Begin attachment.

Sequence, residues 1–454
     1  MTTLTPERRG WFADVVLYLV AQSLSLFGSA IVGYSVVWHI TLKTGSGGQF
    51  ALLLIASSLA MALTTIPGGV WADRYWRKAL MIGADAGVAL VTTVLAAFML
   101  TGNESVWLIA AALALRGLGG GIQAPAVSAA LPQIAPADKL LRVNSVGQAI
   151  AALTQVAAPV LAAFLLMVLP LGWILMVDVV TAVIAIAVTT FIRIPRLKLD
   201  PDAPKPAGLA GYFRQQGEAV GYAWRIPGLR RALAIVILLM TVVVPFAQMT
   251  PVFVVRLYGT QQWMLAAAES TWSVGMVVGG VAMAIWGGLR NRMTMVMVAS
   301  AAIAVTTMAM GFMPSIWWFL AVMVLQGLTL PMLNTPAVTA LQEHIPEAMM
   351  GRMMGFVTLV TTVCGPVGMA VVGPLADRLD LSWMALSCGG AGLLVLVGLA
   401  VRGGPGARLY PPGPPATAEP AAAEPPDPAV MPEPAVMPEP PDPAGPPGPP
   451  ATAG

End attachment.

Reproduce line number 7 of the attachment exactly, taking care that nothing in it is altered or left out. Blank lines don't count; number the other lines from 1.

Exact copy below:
   251  PVFVVRLYGT QQWMLAAAES TWSVGMVVGG VAMAIWGGLR NRMTMVMVAS